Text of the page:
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mkoven

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Everything posted by mkoven

  1. i have both cranial-cervical instability and some stenosis, enough that when I let me head go even a little forward, I'm actually pinching either my brainstem and/or my spinal cord. Specifically, I have a buildup of tissue on the odontoid from the instability. Not all neurosurgeons look for the cci, but it's common in eds. in some cases, dysautonomia is actually a consequence of pressure on the brainstem, as it is the brainstem that regulates much of the ans. this is a huge area of research and controversy in eds. some folks actually get a surgery to fuse the head to the neck. I'm in no rush t
  2. I have a range of neck issues and an eds-like disorder. I highly recommend Francomano. She sent me to a local neurosurgeon who put me in a hard collar. I've been wearing an aspen vista collar for almost a year, and it REALLY HELPS headaches, and my ans issues. It's hot in the summer, unattractive, and makes people stare, but the benefits are well worth it. I plan to avoid surgery as long as possible if not forever. I now have a scarf collection to make it a little less "in your face."
  3. I also get weird allergic rashes after too much intense sun. it usually is okay in the midwest, but when i've gone somewhere with intense sun (Bahamas), it was BAD. Sounds like your doc is testing for mastocytosis.
  4. It's hard to tell what's causing what, but I do know that when I'm doing better and being able to exercise go together. I did cardiac rehab, and it helped. At my worst, exercise made my bp drop, gave me chest pain, etc. I don't think pushing through it would have been a good idea. I had to find ways to gradually increase my intensity and duration. For me that meant timing meds, being hydrated, compression, and finding which exercises would trigger me less. For me, it was walking on an incline. Biking made my bp drop. It helped to be supervised, so that I would feel safe. But I also freaked out
  5. just to back up what other have said, i've been told that they are more of an annoyance than anything else in an otherwise healthy heart. My cardiologist told me that unless 1/3 of all my beats were like this, she wouldn't treat me for this, as the treatment and its side effects are worse than thee original problem. At times, I get up to 10 a minute, or one every 6-10 beats. They are worse around my period or if I'm worn down. MAgnesium helps some people. With that number, you are getting about 100/hour, or 2/minute?
  6. i've seen many allergists and none of them has been willing to connect my reactions to ans or homonal issues. frustrating to have one's problems spilt up among specialties, with no one looking at how it's all connected.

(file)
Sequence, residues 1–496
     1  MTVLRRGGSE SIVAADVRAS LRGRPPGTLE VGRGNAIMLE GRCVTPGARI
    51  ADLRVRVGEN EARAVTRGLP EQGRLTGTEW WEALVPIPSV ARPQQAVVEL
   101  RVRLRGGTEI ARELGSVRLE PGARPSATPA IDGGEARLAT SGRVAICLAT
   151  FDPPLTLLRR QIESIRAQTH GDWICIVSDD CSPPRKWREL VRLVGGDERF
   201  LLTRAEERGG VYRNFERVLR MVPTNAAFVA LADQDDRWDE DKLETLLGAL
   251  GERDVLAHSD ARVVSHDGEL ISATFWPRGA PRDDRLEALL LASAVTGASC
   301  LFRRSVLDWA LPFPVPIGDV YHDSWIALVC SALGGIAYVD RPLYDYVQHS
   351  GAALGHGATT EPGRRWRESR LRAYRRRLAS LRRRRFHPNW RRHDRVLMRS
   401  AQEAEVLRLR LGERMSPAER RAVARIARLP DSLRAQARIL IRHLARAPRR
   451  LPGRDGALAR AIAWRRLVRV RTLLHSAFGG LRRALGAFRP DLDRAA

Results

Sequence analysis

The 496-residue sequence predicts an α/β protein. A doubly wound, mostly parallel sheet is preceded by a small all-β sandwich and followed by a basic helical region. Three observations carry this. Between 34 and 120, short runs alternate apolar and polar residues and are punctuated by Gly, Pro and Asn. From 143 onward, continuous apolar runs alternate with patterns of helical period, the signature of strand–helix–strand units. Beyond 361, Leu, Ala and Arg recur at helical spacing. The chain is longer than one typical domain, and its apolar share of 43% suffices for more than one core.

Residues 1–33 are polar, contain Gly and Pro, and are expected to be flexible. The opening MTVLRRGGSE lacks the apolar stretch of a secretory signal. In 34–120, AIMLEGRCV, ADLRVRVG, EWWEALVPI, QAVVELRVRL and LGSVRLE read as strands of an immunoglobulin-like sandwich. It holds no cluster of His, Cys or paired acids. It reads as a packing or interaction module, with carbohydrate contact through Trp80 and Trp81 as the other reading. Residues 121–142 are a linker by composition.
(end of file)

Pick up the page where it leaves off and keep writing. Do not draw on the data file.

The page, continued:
7. I've really only had consistently symptomatic POTS since 2006, and bad allergy stuff since then. But I've had allergies and probably some CU since I was little. I remember when I was little that my legs used to itch like crazy when I'd walk fast, and a couple other totally random turn bright red/itch all over episodes in my teens.
  8. like all things, they get worse or come on as I get closer to my period. my doc believes me but what are we to do, as i refuse the bcp. i just keep benadryl, cortisone cream, and my epipen nearby. sigh. i guess weird dilation/constriction of vessels doesn't help, as i hear mine is brouhgt on by mast cells reacting to temp changes that trigger blood vessel changes that trigger reaction???
  9. for the past year, i've had this. usually kicks in in the week before my period. i'll feel my head itch, then i'll get very itchy/stingy red splotches all over my arms and then legs. Lasts a little over an hour, if I pop two benadryl and slather my arms with cortisone cream. really annoying,as I have to be still till it passes, as any movement, heat, friction (even clothes against skin) exacerbates. I already take allegra. anyone else have this? i'm otherwise allergy prone, but this seems internally/hormonally generated.
  10. count me in. look at my signature line. i think there's definitely a link for me. i've been wearing a neck brace for a year, and my ans issues have been a lot better. my eds geneticist thinks my ans symptoms started when the cranial-cervical instability and pannus on the odontoid reached a critical point. If I look down, move my head too fast, or have something push my head forward, I feel like I'll faint, and get some funky heartbeats. i don't want surgery, but will gladly put up with a neck brace. my awful headaches, previously diagnosed as migraines are also 90% better since being in the co